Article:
Australian automakers put brakes on manufacturing

Global Business

Australia’s automotive industry is coming to an end. Holden and Toyota will quit producing cars down under by next year while Ford has already stopped. The moves by the big three car makers not only impact their workers, but also affect the country’s manufacturing sector.

CCTV’s Greg Navarro has more.

Australian automakers put brakes on manufacturing

Losing money despite government assistance, Ford is the first automaker to officially close its manufacturing plants in Australia. Toyota and Holden plan to do the same by 2017. CCTV’s Greg Navarro has more.

At Katik Takeaway restaurant in Melbourne’s north, the grill was crowded: the phone ringing, and orders were piling up.

But despite the immediate business, people here are worried about the future.

That’s because Katik sits across the road from a Ford plant which shut down its manufacturing operation earlier this month, leaving hundreds of workers.

In the 1980’s, Australia’s high import tariffs helped keep the automakers profitable.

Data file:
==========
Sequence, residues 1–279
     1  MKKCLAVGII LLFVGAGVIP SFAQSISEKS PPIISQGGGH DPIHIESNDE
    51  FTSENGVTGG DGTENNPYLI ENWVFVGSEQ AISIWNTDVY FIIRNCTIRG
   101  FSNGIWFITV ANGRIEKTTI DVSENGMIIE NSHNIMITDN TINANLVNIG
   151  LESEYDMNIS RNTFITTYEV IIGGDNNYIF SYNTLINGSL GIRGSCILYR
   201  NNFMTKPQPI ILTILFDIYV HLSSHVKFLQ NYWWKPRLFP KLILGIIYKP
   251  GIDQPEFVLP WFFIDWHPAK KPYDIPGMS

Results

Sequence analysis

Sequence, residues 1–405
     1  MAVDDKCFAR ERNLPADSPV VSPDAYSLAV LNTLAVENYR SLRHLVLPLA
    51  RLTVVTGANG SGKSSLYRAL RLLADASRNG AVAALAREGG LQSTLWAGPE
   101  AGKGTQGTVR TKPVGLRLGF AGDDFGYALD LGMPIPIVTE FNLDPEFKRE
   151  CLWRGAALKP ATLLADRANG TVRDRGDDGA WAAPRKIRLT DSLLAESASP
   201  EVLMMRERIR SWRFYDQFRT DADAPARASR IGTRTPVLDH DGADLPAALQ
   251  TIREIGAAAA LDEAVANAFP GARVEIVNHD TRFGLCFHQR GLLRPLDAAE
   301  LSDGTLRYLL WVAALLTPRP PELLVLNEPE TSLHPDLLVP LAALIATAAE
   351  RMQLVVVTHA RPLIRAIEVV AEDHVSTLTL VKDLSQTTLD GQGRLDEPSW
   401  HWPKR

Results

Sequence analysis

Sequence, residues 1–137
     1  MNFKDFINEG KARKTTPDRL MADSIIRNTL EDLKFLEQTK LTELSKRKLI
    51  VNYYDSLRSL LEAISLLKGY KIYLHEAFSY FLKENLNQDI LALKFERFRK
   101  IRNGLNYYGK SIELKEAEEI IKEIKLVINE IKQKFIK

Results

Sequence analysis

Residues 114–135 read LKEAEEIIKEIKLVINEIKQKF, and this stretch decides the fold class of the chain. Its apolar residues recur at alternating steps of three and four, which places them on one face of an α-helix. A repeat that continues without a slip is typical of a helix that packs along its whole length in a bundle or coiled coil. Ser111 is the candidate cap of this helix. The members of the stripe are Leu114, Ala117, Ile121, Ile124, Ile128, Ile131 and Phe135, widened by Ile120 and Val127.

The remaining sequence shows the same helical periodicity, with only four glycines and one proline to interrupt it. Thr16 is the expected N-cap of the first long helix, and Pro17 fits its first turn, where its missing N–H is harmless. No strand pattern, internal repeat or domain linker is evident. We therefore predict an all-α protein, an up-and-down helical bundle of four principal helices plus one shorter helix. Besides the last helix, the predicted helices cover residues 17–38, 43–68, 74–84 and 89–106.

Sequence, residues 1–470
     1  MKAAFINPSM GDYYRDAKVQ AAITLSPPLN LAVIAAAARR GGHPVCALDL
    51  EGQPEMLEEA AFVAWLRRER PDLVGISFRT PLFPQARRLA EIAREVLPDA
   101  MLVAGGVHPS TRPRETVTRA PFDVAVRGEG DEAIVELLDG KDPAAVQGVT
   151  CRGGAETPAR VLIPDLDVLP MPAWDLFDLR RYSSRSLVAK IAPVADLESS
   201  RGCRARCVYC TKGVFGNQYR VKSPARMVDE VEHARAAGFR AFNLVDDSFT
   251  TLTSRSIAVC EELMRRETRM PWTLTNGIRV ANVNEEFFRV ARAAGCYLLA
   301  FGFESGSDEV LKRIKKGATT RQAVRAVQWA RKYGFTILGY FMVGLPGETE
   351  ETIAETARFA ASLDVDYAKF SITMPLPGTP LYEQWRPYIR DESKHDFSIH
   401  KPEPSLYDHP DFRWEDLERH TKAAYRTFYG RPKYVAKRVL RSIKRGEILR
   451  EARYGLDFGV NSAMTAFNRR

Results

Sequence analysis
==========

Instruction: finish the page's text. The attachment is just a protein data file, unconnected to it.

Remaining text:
But then the federal government made the decision to lower tariffs so that the industry would be globally competitive, meaning that the tariffs went down from 58 percent to 5 percent where they are at the moment. For some countries where we have free trade agreements like China, it was zero.

Australia’s relatively high labor costs also didn’t help in a global economy especially compared to some Asian countries where the same work was done at about a quarter of the costs.

The car makers’ exit will cost thousands of direct and indirect jobs. It will also leave hole in the country’s manufacturing industry, which still plays an important role in Australia’s economy.

The people at Katik Takeaway fear they’ve already lost a good chunk of their business, and like many of the nearby shops – they’re waiting to see just how bad the impact will be.